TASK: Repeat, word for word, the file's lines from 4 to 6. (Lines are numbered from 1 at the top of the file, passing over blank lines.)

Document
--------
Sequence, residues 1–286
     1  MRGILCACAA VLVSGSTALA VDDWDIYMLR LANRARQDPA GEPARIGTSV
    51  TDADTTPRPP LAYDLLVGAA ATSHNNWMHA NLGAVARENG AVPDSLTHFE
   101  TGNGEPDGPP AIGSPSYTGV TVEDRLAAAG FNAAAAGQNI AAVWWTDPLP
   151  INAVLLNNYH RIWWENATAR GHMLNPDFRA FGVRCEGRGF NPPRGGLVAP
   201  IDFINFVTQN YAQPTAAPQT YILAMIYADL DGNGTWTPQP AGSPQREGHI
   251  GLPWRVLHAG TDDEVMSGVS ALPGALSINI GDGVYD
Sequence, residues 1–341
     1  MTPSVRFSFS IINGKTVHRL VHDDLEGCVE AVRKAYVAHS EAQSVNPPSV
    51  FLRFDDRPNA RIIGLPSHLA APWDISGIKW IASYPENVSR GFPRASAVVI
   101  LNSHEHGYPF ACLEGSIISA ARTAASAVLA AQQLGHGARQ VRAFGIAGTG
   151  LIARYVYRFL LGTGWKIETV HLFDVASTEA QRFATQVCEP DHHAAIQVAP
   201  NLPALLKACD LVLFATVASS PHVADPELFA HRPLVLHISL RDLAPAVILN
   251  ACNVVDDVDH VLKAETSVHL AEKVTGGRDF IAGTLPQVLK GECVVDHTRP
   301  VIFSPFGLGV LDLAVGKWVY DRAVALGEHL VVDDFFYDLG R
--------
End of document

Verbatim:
   101  TGNGEPDGPP AIGSPSYTGV TVEDRLAAAG FNAAAAGQNI AAVWWTDPLP
   151  INAVLLNNYH RIWWENATAR GHMLNPDFRA FGVRCEGRGF NPPRGGLVAP
   201  IDFINFVTQN YAQPTAAPQT YILAMIYADL DGNGTWTPQP AGSPQREGHI